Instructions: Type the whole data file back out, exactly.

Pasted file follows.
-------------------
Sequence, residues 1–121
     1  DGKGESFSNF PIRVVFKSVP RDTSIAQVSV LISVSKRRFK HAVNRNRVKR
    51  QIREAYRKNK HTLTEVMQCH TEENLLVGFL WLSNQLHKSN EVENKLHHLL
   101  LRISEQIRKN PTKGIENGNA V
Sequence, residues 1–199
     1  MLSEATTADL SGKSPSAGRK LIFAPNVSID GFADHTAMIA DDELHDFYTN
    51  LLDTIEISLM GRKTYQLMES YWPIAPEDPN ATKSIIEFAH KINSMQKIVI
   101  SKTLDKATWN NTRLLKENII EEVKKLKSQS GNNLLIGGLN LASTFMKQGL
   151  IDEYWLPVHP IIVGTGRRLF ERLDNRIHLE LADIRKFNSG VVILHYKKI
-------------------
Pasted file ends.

Sequence, residues 1–121
     1  DGKGESFSNF PIRVVFKSVP RDTSIAQVSV LISVSKRRFK HAVNRNRVKR
    51  QIREAYRKNK HTLTEVMQCH TEENLLVGFL WLSNQLHKSN EVENKLHHLL
   101  LRISEQIRKN PTKGIENGNA V
Sequence, residues 1–199
     1  MLSEATTADL SGKSPSAGRK LIFAPNVSID GFADHTAMIA DDELHDFYTN
    51  LLDTIEISLM GRKTYQLMES YWPIAPEDPN ATKSIIEFAH KINSMQKIVI
   101  SKTLDKATWN NTRLLKENII EEVKKLKSQS GNNLLIGGLN LASTFMKQGL
   151  IDEYWLPVHP IIVGTGRRLF ERLDNRIHLE LADIRKFNSG VVILHYKKI